Bedecked in an amethyst pendant with her puppy companion by her side, Pippa Moyle is perhaps not what you would expect from a thirty-something-year-old entrepreneur and self described ‘global girl gang leader’, writes Lydia Wilkins.
The social entrepreneur had founded Brighton Girl in 2017, a city part of a larger organisation she founded a year later called The City Girl Network. Now covering 20 cities worldwide, the idea is to bring young women together, such as for social gatherings, to co-curate the magazine for each branch, and more. Now experiencing something of a revival in membership, thanks in part due to the pandemic and associated restrictions, Moyle will be heading up the network’s first festival later this year, with plans for expansion afterwards.
“I realised that we’ve got about 23,000 women in Brighton Girl which is amazing, and there’s sort of no platform big enough to celebrate all of the different things that make a Brighton Girl a Brighton Girl.” said Pippa, pointing out that although the city has events such as Brighton Fringe and The Great Escape, there is a lack of an event for women specifically.
When asked about the concept, Pippa said: “So we’re looking at a wellbeing section, a careers [section], sex and relationships, sports as well,” with the intention that this will be a diverse event in representing all women and what they want to do. In essence, the concept and the programme of events is 'everything that makes you as a Brighton Girl'.
"We will be hosting lots of different mini events in lots of different venues across the city,” said Pippa, in collaboration with venues that are celebratory of women. Her focus is also on accessibility, having expressed the festival’s venue focus to also be on “accessibility as much as humanely possible.”
Rachael Mole, a previous associate of The City Girl Network and now the CEO of magazine Sick In The City (SIC), has also provided guidance in making events accessible for all: “I shout to the heavens about SIC,” said Pippa, while also saying 'she’s taught me a lot'. The festival intends to put money in the right pockets of businesses who do right in terms of accessibility she said, while also acknowledging she is able-bodied and takes her cues from disabled individuals around here.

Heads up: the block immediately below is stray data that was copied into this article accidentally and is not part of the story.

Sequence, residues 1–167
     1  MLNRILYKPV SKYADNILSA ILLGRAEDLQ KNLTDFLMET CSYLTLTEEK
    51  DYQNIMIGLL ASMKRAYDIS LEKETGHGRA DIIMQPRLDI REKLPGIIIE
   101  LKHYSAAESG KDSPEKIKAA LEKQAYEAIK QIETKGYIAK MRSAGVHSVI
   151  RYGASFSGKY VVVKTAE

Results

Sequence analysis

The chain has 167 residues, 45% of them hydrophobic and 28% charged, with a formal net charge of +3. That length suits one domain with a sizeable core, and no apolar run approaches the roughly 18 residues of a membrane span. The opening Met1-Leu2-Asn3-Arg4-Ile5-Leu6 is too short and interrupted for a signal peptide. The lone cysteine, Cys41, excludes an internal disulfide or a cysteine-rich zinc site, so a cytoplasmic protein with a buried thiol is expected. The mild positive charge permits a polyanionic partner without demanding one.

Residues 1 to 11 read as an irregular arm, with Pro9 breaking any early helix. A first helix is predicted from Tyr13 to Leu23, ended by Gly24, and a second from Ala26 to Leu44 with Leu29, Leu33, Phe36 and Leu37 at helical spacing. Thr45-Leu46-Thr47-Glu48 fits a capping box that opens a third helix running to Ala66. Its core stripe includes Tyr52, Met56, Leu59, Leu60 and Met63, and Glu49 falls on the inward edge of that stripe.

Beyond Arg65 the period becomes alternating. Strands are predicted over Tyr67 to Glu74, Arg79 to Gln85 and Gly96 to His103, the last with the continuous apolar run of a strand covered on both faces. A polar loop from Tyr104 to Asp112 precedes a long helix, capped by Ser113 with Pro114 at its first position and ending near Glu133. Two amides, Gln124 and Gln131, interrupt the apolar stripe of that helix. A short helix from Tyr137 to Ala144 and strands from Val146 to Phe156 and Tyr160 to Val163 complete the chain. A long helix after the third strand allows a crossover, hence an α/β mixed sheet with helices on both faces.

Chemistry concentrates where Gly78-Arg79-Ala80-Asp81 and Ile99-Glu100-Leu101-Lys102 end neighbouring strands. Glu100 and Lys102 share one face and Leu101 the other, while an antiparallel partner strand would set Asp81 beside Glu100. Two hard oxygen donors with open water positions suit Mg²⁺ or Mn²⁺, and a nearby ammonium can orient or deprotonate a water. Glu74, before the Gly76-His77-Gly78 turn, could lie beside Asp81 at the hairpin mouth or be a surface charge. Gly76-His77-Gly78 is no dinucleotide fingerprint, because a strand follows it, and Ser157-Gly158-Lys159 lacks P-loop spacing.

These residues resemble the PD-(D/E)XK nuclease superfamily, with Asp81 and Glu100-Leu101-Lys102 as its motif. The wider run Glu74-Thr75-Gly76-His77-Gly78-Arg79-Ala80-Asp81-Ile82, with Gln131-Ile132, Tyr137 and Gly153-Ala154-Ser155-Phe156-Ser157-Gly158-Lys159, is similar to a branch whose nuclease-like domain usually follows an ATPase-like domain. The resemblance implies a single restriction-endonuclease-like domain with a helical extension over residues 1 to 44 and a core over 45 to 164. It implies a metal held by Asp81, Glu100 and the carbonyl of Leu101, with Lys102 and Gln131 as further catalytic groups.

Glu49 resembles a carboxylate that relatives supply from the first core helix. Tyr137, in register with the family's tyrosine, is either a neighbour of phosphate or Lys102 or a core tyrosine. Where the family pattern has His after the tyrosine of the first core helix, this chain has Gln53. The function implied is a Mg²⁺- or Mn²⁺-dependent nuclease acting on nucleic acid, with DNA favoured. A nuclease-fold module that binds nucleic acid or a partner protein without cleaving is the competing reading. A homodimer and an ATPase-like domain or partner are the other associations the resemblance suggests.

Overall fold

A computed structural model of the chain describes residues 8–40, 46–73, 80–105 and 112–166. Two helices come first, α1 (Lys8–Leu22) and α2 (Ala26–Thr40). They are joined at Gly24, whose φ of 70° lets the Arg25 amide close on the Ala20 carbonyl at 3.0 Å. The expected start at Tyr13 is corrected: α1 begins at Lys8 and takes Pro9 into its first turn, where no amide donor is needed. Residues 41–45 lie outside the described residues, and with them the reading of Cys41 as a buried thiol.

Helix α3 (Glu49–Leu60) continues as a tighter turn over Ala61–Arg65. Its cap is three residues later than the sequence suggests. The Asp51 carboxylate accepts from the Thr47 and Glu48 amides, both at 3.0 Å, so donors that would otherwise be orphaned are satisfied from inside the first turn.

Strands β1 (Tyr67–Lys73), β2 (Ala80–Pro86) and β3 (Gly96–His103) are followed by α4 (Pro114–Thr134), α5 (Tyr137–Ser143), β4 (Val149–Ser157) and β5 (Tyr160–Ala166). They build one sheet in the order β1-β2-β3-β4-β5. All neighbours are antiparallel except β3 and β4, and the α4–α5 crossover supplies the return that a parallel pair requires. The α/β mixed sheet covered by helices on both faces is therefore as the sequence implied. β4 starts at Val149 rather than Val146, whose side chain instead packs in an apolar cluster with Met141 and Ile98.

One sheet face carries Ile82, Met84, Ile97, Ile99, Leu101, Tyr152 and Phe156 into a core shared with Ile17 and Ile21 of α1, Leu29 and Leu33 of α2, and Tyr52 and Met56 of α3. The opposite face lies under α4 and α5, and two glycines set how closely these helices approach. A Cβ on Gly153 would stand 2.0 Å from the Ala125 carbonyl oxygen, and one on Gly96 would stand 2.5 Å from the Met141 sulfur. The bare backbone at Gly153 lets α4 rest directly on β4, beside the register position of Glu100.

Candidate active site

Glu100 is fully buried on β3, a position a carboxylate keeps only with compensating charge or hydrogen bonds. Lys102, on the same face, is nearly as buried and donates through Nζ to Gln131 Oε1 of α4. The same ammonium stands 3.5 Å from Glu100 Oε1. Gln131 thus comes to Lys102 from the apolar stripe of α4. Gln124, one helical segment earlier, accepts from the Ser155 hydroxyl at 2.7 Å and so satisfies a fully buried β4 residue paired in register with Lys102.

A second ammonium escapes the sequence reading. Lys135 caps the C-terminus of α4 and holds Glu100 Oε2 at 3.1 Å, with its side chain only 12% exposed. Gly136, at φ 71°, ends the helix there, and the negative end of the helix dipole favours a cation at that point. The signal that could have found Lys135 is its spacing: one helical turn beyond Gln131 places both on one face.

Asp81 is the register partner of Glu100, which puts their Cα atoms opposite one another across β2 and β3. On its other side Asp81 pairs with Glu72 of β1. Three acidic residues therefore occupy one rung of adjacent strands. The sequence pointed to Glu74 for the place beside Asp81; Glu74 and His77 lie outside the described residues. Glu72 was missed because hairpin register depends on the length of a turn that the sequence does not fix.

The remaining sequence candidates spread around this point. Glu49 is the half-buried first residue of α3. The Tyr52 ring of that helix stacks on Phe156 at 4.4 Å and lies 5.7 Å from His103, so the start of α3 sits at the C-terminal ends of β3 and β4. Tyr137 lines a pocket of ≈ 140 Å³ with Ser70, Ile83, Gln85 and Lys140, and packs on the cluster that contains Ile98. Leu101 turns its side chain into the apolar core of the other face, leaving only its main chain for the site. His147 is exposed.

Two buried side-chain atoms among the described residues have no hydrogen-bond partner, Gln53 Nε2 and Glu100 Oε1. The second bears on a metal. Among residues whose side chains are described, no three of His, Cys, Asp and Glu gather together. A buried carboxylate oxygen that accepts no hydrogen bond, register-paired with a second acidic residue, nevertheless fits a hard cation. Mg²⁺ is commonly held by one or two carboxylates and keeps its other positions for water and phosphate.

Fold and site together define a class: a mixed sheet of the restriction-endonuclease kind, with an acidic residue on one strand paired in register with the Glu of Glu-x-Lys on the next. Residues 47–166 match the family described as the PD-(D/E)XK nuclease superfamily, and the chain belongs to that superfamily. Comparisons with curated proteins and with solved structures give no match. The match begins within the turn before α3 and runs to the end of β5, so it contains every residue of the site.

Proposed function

When it comes to panel events, there will be discussions on Women In Music, Disabillities In The Workplace, Racial Diversity In The Workplace, and more. Lots of discussions to come, says Pippa, as well as gigs and wellness events including yoga and pottery.
Lockdown, contrary to other places, had something of a positive impact across The City Girl Network when it came to membership; Pippa heard the calls for solidarity and community at a time of mass isolation. More cities joined the network, doubling the number of members to around 60,000. On London joining the roster, Pippa said how 'that was basically born from lockdown', with groups holding multiple online events to connect people.
While in lockdown issues such as domestic abuse and sexual violence had become something of a national flashpoint, which was also reflected in the activities of The Brighton Girl Network. “A lot of my time was spent helping women in domestic violence/sexual violence situations," said Pippa, including supporting women when they had to contact the police.
A lot of Pippa’s time was spent on safeguarding, like trying to ensure emergency housing for people was safe. This is also reflected in the choice of venues for The Brighton Girl Festival, ensuring that there will be appropriate spaces and support for those who need it.
In turning to look at the future, Pippa has been thinking about what comes next for the festival, in particular wanting 'next level events', and expansion to encompass Bristol, and Manchester is next on her list. For now, though, she will be focusing on opportunities for fun things that accommodate all who want to take part.
The Brighton Girl Festival is expected to take place from the middle to the end of September this year. For more information, click here.